PU-2: New brain – Arduino Mega

The FCB1010/PU-2 has a new brain. The Arduino Mega (clone) has been connected in place of the main board.

I have removed: the power transformer, the mains/120 volts plug and the on/off switch, because the PU-2 will be bus-powered.

It was a straightforward affair: no new connections were made, no new switches installed. But the connections weren’t done without challenges. As can be seen on the photo above, I had to assemble the cables linking the foot switch boards to the Arduino. This called for a lot of research for the proper connectors: the ones used in the FCB1010 are 2.00 mm pitch. The connectors used on the Arduino, and pretty much everything else around here, are 2.54 mm pitch (0.10″). So I hand built the 14 pin cables using rather expensive connectors (thanks digikey!). I wanted to be able to connect everything else in the FCB1010 using the connectors already in place, so I also had to find matching connectors for the Midi interface, the expression pedals, the switchable jacks, and various LEDs. All 2.0 mm…

The little board on the right of the Arduino is just used as a connecting platform for the various cables. It also shows the single LED resistor used to drive the 12 LEDs of the board. More on that later.

Why an Arduino MEGA?

As this is a prototype, it has to let me quickly modify anything software and hardware. The Mega has 54 digital input/output pins directly accessible on the board. It also has 16 analog input pins. The regular Arduino boards have one set of serial transmit/receive pins. The Mega has 4 sets.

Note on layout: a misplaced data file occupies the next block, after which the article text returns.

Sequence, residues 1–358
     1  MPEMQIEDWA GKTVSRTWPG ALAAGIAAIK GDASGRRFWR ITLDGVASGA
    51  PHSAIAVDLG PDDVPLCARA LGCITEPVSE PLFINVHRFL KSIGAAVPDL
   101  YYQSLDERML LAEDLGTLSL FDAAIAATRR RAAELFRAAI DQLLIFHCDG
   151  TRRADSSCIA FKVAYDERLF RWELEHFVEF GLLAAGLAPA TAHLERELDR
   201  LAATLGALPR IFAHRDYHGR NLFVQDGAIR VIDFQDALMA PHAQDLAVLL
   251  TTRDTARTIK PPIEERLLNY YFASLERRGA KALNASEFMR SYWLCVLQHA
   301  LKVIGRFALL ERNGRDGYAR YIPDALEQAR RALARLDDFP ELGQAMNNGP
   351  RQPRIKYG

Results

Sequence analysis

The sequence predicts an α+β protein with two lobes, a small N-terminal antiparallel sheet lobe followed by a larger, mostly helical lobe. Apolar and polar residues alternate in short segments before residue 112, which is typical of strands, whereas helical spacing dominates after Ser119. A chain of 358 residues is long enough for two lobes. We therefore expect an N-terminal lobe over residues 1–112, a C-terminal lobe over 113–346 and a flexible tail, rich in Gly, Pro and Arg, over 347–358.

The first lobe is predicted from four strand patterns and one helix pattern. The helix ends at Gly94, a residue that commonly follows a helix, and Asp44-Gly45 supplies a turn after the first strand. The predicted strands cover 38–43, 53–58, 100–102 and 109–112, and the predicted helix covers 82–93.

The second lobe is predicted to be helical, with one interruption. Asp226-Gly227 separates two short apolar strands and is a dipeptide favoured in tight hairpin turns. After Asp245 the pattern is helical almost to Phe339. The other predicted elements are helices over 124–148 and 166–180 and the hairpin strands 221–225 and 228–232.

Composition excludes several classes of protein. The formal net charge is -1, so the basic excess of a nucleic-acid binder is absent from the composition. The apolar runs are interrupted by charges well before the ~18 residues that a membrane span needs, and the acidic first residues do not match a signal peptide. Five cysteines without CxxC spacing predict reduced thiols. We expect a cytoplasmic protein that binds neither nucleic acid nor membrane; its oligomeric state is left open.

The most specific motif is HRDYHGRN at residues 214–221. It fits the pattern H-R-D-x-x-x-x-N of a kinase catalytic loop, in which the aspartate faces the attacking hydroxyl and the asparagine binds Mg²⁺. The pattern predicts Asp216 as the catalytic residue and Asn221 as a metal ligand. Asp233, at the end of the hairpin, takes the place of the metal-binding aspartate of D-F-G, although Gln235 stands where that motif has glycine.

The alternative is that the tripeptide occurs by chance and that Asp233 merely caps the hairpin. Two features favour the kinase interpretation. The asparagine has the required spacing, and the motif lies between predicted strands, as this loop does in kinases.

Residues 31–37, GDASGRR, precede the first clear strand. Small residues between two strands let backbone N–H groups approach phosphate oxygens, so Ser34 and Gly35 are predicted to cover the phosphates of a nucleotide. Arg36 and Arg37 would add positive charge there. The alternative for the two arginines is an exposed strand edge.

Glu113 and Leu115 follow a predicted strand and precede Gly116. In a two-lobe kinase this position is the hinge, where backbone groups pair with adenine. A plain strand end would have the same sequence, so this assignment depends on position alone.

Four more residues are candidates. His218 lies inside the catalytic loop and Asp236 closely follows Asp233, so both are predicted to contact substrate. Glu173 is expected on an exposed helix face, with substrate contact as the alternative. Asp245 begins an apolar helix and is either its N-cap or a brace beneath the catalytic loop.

The two cables connecting the switch/LED boards require 25 pins, already more than can be provided by the Arduino Uno/Diecimila/Duemilanove.

Of course, I could have used mutiplexers/shift registers/LED drivers/etc! But this is a prototype. The final version will be much more efficient, pin wise.

LED driving

There are 10 LEDs on the switch boards. Two more are associated with the expression pedals. All have theirs + pins tied together. My idea is to use a single 330 ohms resistor to drive them. This first version on the PU-2 will only turn one LED on at a time.

So, now, let’s start coding!

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